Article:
Friday, June 14, 2013

The Challenge Continues, Day 159: II Chron 26-28; Psalm 129; I Corinthians 4

The Manager's Special
What is our role as the Church in the world? That's a tough question to ask, and harder yet to answer. Are we here to be an outpost of the faithful, garrisoned against the unwashed as we struggle to make a life in Christ on the ragged frontier of the apostolic field? Are we the chosen, dwelling for a time among heathen? Or, are we humble servants who nobly reject the world and embrace the privation of an austere calling, eschewing material comfort for the hard path of the ascetic? Are we "high" by our calling, above others? Are we "low" instead, dropping our eyes and our shoulders to assume the burden of ongoing repentance? Oh, the temptations are numerous to choose one of these dramatic routes, for they easily reinforce our needs to feel either superior to people around us or justified in our discomfort to the point that we view it as virtue. Here is the rub, though...aside from passion for God or zeal for God's will, life lived in extremis doesn't really seem to be in God's plan for us. God places a high premium on faith and, seemingly, a low priority on human drama.

So, where does that leave us?

In the 4th chapter of Paul's first letter to the Corinthians....

Our role, it seems, in the apostolic calling that Paul confirms in us, is to take a role in the middle management tier of the kingdom of God. We have accepted the high calling of life in Christ, and yet we find ourselves still living in a world and society that is not yet fully aware of the blessings of that new life. We are not the Savior, but as constituent members of his Body we are his agents and the means by which the Christ maintains his witness of the salvation of God in the world. We are not chopped liver, either...for by God's grace, through Christ's resurrection and in the power of the Holy Spirit the task of proclaiming the good news falls to us.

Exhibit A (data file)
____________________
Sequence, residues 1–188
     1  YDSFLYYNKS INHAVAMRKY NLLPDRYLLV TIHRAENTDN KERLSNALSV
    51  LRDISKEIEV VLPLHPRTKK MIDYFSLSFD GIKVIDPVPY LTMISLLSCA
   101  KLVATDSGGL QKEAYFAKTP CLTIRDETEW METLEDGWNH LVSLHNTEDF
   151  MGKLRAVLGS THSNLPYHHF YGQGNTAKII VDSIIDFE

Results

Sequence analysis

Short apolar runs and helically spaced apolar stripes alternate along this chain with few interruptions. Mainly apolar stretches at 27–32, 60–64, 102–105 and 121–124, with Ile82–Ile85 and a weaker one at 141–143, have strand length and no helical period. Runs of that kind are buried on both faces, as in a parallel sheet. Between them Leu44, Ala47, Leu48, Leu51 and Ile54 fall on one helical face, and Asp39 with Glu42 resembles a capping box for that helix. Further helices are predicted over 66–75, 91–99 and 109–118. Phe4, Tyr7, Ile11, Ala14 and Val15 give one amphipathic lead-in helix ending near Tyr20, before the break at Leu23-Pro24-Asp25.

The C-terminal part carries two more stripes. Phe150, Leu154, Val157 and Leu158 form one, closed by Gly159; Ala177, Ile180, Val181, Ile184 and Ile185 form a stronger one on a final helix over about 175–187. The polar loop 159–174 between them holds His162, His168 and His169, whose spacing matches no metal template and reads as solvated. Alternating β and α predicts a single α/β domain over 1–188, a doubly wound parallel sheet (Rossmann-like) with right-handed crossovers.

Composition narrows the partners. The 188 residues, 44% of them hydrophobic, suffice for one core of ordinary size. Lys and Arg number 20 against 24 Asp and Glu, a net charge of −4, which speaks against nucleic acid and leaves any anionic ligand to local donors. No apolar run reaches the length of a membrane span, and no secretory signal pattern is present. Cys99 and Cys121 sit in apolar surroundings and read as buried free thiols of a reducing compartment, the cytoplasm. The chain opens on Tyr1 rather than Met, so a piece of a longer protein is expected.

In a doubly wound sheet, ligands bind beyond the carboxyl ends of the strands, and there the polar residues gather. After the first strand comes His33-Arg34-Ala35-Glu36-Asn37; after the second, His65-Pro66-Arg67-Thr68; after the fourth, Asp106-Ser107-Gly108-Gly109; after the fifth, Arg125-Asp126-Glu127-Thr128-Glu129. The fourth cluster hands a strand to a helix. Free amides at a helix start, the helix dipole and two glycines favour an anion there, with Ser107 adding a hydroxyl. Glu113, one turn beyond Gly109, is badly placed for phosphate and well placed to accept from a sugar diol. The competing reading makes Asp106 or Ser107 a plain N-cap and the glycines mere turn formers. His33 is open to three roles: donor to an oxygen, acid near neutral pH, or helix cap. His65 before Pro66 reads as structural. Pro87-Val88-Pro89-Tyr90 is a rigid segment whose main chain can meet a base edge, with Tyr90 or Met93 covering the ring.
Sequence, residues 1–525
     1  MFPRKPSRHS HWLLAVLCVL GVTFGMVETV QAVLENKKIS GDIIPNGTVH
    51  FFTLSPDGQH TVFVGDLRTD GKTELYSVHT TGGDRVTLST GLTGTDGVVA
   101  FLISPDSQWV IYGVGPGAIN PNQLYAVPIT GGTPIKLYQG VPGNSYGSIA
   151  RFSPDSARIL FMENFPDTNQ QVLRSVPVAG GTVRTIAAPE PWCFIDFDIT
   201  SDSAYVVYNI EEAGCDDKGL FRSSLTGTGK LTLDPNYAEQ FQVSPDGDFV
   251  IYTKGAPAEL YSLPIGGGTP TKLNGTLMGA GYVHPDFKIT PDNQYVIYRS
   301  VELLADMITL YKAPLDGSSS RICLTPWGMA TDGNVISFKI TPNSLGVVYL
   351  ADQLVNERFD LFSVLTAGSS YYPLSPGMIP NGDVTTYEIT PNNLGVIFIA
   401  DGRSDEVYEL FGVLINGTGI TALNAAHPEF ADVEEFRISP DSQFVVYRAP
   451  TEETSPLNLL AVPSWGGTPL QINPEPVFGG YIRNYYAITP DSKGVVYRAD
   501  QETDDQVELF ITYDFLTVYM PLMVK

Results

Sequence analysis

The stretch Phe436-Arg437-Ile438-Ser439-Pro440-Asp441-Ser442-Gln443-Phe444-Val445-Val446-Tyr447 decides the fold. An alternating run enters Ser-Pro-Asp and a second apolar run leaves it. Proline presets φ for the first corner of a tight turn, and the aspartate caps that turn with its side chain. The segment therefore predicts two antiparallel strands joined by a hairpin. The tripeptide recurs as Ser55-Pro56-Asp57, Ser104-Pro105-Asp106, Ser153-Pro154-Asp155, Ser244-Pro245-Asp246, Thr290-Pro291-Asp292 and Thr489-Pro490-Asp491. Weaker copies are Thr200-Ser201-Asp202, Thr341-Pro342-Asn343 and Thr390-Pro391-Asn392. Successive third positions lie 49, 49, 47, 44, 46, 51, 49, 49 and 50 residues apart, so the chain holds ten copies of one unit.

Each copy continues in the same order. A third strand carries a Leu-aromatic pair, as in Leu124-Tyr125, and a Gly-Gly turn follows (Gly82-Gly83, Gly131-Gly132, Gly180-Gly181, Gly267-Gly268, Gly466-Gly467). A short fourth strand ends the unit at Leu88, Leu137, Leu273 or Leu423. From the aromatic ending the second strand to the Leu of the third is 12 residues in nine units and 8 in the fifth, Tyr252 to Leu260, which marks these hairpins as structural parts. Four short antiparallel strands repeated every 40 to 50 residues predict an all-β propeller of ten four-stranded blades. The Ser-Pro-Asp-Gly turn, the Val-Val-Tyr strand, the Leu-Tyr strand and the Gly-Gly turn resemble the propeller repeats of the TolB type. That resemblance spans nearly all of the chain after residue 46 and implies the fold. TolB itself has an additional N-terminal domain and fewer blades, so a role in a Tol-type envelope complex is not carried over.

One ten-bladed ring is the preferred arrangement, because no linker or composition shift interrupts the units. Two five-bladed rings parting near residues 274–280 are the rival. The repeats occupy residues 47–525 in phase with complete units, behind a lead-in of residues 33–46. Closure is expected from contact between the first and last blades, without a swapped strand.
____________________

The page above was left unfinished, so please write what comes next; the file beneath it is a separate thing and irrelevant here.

Middle management in the kingdom of God is a great place to be, indeed. Its challenges provoke continual growth in us as we deepen in faith and experience. As we live out our role as managers and stewards of the Church, we can also allow that the whole weight of "fixing" everything and everyone does not fall to us alone. It is spread across the whole Church, and it is contiguous throughout all time.

Paul, in attempting to remind the Corinthians that they are not "all that" gives us a remarkable gift in naming us as managers to the kingdom. In fulfilling that role, we are able to accomplish more for the building up of the Church, its pursuit of justice and peace and its striving to celebrate the Christ in every human than we could ever ask or imagine. That reminder informs us that we are NOT the center in the struggle for achieving the mind of God. Instead, we as the Church are the conduit, the connecting piece that makes the whole structure of the proclamation of the Gospel an achievable end.

It is good to be a manager in the kingdom of heaven. It is a good thing, indeed.

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